What Are The Phases Of The Menstrual Cycle
The first thing to understand is that a typical menstrual cycle lasts around 28 days and has different phases caused by rising and falling levels of hormones:
- The menstrual phase
- The luteal phase
The menstrual phase is when you have your period the first day that you start bleeding is considered the first day of your cycle. Bleeding will last for two to seven days, averaging at five days for most women.
The follicular phase begins at the same time as your period starts and ends at ovulation, lasting around 14 days if you have a 28-day cycle. If your cycle is shorter or longer, the follicular phase will be shorter or longer. During this time the ovaries are stimulated to produce and mature an egg to release at ovulation.
Ovulation usually occurs in the middle of your menstrual cycle, at around day 14 if you have a 28-day cycle. If your cycle is shorter or longer ovulation will occur earlier or later. This is where a matured egg is released from one of your ovaries and begins to travel down the fallopian tube towards the uterus.
The luteal phase begins after ovulation and lasts until your period starts the luteal phase usually lasts 14 days regardless of your cycle length. If an egg isnt fertilised during this time, the body will start preparing for its next menstrual phase.
Feeling Tired Check Your Diet
Fatigue can often be explained by your routines and food habits. Eating a balanced diet helps keep your blood sugar at a normal level, which in turn keeps you active.
To avoid feeling tired when your blood sugar drops, try to eat breakfast every day. To help battle fatigue, try to make sure that all of your meals have protein and complex carbs , and try to eat regular healthy snacks in between meals.
The three principles to a healthy diet are variety, moderation, and balance. They will help you avoid some of the common causes of extreme fatigue.
Try keeping a food diary and look for connections between what you eat and how energized/tired you feel.
So What Exactly Is Happening Inside My Body During My Period
Periods are ultimately the cycle related to our reproductive system, where changes are naturally made for a potential pregnancy each month.The ovary releases an egg , which goes into the fallopian tube for 24 hours, give or take. If the egg is fertilized by sperm, it moves into the uterus, which was prepared to host a fertilized egg guest for the next several months. In which case, the fertilized egg would attach to the uterine wall for further developmentalso known as pregnancy.
However, if the mature egg doesnt meet a sperm, the uterus gets the message that a fertilized egg will not be attaching to its wall. When the body doesnt need to carry out a pregnancy, the changes that were made in anticipation of a pregnancy can now be reversed, and the body will work to return to its original condition. Fun. This involves breaking down the uterine wall, and bleeding during your period. Periods are the bodys way of naturally getting rid of the blood and mucosal tissue left behind after this process.
So, what role do hormones play in your period? There are four phases to the menstrual cycle, and each phase is guided by hormones that directly impacts our sleep and energy. The hormones involved in these phases cause changes in the body to prepare for a fertilized egg, or the oppositeto clean house and repeat the cycle if the egg is not fertilized.
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Why Is Your Period Keeping You Up At Night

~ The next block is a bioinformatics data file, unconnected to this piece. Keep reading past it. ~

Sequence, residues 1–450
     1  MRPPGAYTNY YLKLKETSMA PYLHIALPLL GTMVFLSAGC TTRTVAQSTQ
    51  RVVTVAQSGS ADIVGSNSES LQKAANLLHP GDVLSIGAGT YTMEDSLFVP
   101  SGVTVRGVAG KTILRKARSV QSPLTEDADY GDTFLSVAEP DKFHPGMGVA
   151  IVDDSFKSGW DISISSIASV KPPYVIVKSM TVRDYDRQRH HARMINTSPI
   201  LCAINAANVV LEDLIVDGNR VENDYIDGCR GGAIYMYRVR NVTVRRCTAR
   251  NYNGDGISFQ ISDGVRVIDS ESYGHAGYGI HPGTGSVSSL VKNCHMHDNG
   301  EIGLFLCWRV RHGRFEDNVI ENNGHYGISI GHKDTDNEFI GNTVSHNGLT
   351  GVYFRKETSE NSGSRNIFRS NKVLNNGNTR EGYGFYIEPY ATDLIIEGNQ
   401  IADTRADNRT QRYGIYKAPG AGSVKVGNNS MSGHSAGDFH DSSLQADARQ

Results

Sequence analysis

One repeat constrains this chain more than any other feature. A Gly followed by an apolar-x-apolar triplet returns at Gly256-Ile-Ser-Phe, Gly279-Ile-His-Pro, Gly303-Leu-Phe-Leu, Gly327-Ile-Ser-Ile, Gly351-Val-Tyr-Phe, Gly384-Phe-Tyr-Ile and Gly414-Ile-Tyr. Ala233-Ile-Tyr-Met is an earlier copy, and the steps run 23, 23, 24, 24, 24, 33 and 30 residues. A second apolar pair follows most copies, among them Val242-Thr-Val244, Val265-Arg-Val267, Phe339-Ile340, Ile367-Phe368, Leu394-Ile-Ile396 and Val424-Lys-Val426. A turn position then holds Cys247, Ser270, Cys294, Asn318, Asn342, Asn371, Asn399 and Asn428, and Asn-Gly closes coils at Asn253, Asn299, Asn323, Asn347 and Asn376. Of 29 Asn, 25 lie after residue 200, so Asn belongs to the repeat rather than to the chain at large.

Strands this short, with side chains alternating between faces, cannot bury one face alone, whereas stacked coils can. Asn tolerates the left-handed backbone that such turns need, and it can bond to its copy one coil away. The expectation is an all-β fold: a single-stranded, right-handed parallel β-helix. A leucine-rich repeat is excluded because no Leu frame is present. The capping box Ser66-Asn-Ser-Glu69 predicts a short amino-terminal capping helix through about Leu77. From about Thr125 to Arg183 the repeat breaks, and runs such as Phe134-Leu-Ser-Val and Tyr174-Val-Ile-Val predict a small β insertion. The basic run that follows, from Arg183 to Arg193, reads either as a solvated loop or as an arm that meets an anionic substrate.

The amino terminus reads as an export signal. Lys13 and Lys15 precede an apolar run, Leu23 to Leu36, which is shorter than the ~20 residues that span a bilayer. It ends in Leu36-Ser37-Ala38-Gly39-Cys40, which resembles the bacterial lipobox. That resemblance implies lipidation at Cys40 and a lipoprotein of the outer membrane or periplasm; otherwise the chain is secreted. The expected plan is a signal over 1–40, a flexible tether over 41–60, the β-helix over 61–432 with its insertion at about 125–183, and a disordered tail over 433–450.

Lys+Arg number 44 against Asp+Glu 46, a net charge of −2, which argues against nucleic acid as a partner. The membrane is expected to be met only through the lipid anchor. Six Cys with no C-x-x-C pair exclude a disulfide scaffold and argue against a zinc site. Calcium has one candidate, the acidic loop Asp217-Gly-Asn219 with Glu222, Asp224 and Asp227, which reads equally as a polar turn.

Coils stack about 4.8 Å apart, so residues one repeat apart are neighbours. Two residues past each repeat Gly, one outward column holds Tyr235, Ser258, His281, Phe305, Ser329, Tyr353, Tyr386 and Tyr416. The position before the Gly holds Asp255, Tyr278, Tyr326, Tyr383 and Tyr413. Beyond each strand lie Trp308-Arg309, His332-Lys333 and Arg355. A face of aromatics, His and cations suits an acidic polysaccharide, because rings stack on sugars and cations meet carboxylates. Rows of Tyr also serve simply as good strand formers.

A woman can’t sleep in bed
From cramping and breast tenderness to low moods and anxiety, your period is so much more than a monthly bleed. The majority of people who menstruate report having symptoms linked to PMS up to two weeks before their period begins. This can make day-to-day life more difficult and can get really tiresome. So, it feels ironic that your period may be the thing thats causing you to lose shut-eye. How is your period keeping you up at night? If you notice that your sleeping pattern falls out of place on the run-up to your monthly bleed then you may have your menstrual cycle to blame.
According to research conducted by the US National Sleep Foundation, 30% of people experience disturbed sleep during their periods. 23% also said they struggle to get a full eight hours on the week running up to their period. While people with PMS are twice as likely to experience insomnia, 70% of people with premenstrual dysphoric disorder say they experience insomnia-like problems with 80% describing themselves as tired.
Life can be really hectic and its easy to brush off a sleepless night as a consequence of drinking too much coffee or being stressed about work. However, depending on where you are in your menstrual cycle you could blame your hormones.
When To See A Doctor
If your fatigue is so severe that it interferes with your day-to-day functioning, you should talk to your doctor to make sure there are no underlying health concerns.
“For women whose fatigue is more extreme and persisting after the menstrual cycle, should be checked out for iron deficiency anemia and thyroid disorders,” Mandal says.
Severe fatigue is also a symptom of premenstrual dysphoric disorder , a severe form of PMS that affects about 5% of women. PMDD is often treated with medications, including antidepressants and birth control. If you believe that you might be experiencing PMDD, talk to your doctor, Mandal says.
Although some period fatigue is normal, consult with your doctor if lifestyle changes don’t improve your energy levels, she says.
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Pms Fatigue Solutions That Are Natural Remedies
Here are some examples:
A natural remedy for fatigue is vitamin B5, or pantothenic acid. What this vitamin does is it gives your body what it needs to deal with stress. Your period may be accompanied by a lot of stress but vitamin B5 cuts through all the stress and leaves you calm as a pussycat. A good dosage to take is 500 mg daily. This amount may be increased up to 2000 mg daily and all youll get is more relaxation and stress-free feelings. Youll be humming about life before you know it.